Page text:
Seeking Terne plate or Terne 2
Q. Does anyone know where I can get some 30 gauge Terne 2 plate? I cannot find it anywhere. I want to use it to construct some small 'artistic' boxes (New Mexican tinsmiths use it out here but none of them will tell me where they got it from). So if you know where I can get a hold of some or if you know of another type of coated metal that I could use (needs to be able to be soldered with an iron), please let me know. I would appreciate any information.Portia Sharp
- Albuquerque, New Mexico
A. Isn't that just like them?
But I would stay away from terne, since it contains lead, and keep trying to find tin plate.
Lead is bad when you make your creation, and bad for the person who buys your creation, because you don't know the final use of a bowl or what have you.
I'm sure you can find tin plate. Don't give up!
Good Luck, Tom
A. Terne is less common now than in the past because of the lead content, and is being phased out of all applications except those for which it cannot be substituted. You can also get tin plate with a bright OR a matte finish. Good luckKeith Bolog
Q. I deal in electrolytic tin plates, would like to know if there is something through which we can get into business.
- Rochester New York,USA
A. I bought a big roll of terne a few years ago, to repair a flat roof. I called businesses (in Kansas City, MO) that advertised in the Yellow Pages, carrying sheet metal materials and roofing materials. Also, the Old House Journal has advertisers who carry it. Good luck.Michael Dean Baker
A. Follansbee Steel makes Terne II material. Terne II does not contain lead. It is a tin/zinc coating on carbon steel. It is available in roll form.Robert Bastaja
- Columbus, Ohio
A. According to the "Steel Catalog and Reference Book"(published by J.H. Jackson & Associates,Inc. Melbourne, FLA), and supplied by my local steel distributor, Long Terne steel sheets are still available (16-28 ga.). I have even found it through my roofing supplier.George Trovato Jr.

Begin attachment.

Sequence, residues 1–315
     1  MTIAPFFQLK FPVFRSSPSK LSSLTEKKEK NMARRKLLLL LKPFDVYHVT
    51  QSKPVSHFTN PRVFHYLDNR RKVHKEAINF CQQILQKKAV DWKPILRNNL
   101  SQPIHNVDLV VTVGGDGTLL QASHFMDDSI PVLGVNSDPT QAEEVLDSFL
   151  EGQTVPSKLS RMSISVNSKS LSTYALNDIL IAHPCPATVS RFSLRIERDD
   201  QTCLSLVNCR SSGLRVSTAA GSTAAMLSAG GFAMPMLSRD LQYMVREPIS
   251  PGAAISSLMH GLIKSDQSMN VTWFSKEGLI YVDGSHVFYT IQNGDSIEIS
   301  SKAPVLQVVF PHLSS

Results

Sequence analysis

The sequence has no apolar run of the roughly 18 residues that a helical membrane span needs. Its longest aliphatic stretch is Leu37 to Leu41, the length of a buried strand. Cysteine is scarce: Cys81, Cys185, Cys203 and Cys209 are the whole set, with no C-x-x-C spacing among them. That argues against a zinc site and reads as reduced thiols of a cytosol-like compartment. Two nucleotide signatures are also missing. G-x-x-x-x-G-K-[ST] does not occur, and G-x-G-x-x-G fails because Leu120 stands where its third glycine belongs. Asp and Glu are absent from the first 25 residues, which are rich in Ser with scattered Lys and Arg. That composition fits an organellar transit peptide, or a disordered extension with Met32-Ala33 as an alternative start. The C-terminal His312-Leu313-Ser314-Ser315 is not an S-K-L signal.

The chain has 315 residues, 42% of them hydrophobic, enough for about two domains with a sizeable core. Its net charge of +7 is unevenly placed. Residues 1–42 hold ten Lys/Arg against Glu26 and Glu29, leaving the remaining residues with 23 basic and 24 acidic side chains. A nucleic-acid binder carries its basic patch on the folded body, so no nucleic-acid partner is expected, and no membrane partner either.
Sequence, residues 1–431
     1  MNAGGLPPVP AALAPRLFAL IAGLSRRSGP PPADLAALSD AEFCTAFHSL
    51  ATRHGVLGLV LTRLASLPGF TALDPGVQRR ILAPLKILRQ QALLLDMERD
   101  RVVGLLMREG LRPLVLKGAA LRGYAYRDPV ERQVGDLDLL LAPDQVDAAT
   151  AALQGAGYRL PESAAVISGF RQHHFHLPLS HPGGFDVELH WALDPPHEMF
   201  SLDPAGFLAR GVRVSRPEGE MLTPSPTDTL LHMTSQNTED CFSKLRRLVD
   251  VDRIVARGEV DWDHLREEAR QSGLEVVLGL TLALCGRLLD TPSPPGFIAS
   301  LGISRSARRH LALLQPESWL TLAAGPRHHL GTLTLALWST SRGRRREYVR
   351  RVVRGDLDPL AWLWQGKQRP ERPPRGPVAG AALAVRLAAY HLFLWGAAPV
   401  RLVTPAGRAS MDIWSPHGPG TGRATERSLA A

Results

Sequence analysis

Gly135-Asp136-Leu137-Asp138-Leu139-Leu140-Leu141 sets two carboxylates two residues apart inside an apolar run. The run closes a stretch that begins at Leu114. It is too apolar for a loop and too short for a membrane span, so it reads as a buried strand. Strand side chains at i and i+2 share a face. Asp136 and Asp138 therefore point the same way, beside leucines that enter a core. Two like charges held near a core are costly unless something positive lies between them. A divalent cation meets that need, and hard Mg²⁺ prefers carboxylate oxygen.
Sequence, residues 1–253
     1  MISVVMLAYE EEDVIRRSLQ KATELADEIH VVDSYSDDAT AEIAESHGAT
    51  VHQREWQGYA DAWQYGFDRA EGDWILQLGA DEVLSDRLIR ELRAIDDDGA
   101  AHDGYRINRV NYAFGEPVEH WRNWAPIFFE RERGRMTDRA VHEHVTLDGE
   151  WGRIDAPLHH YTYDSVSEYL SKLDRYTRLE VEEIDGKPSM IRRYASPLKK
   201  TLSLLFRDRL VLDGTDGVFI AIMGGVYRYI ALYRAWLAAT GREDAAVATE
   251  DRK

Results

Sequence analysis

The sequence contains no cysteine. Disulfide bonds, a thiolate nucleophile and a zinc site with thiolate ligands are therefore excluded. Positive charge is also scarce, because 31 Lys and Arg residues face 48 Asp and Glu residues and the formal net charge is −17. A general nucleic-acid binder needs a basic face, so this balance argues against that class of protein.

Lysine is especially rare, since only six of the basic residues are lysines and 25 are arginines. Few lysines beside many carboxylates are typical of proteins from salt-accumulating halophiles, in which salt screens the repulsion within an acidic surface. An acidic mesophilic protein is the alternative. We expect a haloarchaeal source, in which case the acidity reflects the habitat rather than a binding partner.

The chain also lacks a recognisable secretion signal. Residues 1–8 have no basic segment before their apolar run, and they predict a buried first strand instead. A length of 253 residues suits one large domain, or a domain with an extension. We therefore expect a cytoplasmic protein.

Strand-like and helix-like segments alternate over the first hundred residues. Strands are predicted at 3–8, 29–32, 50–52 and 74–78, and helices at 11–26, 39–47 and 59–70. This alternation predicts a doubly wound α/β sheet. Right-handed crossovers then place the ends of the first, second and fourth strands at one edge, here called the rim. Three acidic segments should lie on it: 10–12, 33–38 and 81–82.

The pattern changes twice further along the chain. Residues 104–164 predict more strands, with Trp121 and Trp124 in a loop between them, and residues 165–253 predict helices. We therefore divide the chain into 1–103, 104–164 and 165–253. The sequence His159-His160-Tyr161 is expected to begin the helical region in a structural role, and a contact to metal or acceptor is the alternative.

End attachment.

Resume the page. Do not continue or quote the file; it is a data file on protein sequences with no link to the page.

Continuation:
restoration - Dallas, Pennsylvania
! I have used the original Terne plate for "early American" tin ware reproductions. I found this very satisfactory. My supplier supplied me with a sample of the Terne 2. With the zinc and tin coating it had the appearance of galvanized metal, lacking the luster that I desire for my products.Henry Sharp
- Newark Valley, New York
August 8, 2010
A. I sell tin by the sheet out of my workshop. Bright, smooth finish similar to the tin that the Spanish Colonial silversmith's were using to create frames, sconces and nichos for the local Missions. At 28 ga., it's a little heavier than the 30 ga. that you're looking for. It solders beautifully.Jason Younis
- Albuquerque, New Mexico
July 29, 2015
A. While Terne plate contained lead, Terne II replaced the lead with zinc - it is a tin/zinc alloy instead of tin/lead. Notionally similar to work with, but I haven't used either myself.Tom Schwerdt
- Austin, Texas, USA
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